One solution, then, to weight loss might simply be paying more attention to food. A study from the International Journal of Behavioral Medicine revealed that people who were more aware of and paid more attention to their thoughts and feelings had less abdominal fat and were less likely to be obese than their unaware peers. Although researchers note that this study didn’t prove mindfulness causes weight loss, they do suggest that mindfulness could overcome natural instincts that lead to stocking up on calories and even help people get over their aversion to starting to exercise.
Even without weight loss, certain health parameters may improve. As reported in the journal Obesity, when obese adults participated in an almost six-month program with or without mindfulness training, those who received mindfulness training had better fasting blood glucose levels and improved cholesterol levels at 18 months, reducing the risk for both type 2 diabetes and heart disease.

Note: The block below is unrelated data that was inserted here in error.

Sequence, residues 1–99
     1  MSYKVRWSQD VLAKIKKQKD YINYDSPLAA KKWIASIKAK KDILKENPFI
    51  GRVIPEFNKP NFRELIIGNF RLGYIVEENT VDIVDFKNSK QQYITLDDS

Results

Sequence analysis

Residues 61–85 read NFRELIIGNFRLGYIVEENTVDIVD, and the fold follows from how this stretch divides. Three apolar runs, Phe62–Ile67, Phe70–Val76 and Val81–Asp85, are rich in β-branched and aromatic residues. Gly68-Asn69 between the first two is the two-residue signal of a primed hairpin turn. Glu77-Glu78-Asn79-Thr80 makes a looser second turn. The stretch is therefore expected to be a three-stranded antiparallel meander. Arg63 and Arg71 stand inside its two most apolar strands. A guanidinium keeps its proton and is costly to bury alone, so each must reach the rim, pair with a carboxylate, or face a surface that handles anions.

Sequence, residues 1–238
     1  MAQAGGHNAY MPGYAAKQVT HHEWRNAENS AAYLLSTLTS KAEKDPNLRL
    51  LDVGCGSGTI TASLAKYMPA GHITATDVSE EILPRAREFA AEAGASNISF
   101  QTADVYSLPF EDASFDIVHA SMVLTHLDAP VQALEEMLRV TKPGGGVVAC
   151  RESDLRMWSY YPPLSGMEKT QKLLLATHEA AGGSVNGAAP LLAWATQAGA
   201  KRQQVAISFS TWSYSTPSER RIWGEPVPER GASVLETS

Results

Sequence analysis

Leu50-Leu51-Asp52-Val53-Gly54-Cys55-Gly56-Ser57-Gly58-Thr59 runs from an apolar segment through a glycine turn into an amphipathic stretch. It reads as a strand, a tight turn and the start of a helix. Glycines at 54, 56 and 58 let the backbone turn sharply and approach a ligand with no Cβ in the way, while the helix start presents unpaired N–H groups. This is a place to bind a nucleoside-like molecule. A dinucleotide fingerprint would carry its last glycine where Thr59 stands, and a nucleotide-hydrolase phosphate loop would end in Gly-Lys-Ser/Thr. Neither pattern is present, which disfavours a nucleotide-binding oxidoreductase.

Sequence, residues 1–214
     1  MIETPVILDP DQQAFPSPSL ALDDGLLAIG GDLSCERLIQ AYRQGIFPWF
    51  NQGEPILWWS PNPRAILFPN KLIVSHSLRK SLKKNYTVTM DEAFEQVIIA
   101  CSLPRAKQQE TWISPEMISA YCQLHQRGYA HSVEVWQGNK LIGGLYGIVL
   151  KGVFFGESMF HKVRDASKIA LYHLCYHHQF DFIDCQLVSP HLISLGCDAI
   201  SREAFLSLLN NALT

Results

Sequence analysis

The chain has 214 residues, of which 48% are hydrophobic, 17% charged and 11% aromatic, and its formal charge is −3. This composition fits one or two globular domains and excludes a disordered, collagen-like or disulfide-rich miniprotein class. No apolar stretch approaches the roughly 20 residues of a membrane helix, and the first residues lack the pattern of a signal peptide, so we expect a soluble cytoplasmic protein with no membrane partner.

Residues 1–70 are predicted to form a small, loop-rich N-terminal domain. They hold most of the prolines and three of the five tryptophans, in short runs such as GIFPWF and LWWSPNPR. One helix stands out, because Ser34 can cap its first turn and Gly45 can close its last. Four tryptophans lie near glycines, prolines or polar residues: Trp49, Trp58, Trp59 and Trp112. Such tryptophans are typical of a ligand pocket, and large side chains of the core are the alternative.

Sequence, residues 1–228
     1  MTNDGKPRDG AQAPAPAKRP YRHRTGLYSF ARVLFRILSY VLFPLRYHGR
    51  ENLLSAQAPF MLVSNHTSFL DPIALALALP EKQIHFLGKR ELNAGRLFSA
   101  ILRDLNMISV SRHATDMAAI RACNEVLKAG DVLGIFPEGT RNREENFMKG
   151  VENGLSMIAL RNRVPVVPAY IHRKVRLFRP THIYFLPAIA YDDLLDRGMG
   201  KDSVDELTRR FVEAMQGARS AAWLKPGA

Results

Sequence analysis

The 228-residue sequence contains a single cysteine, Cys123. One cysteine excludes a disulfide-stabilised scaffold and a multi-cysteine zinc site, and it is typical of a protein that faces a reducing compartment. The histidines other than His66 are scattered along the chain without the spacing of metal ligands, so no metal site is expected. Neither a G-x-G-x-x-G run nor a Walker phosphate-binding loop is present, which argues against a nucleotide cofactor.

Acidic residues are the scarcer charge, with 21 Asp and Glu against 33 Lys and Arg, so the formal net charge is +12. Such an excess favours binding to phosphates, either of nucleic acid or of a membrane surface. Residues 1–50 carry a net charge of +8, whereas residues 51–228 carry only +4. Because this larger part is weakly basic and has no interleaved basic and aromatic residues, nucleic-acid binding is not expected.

Mindfulness also effectively fights stress. “One of the most immediate results is feeling less stressed, which is widely acknowledged as a primary cause of disease,” says Sean Fargo, mindfulness teacher in Oakland, California, and founder of mindfulnessexercises.com.
Other brain benefits include increased productivity and smarts. “Studies show that meditating facilitates neuroplasticity, or your brain’s ability to build new pathways of functioning and understanding, which can make you more smart,” Fargo says. What’s more, mindfulness is the foundation of emotional intelligence, giving you greater ability to perceive your thoughts and feelings, which you can harness to deal with high-level problem solving and other complicated tasks and relationships.
Making mindfulness part of your daily routine
The good news about becoming more mindful is that anybody can do it, no matter where you are or what you’re doing. “One of the biggest misconceptions is that you have to be sitting in a certain pose or chair to be more mindful,” says Fargo, adding, though, that activities like yoga and meditation can foster mindfulness.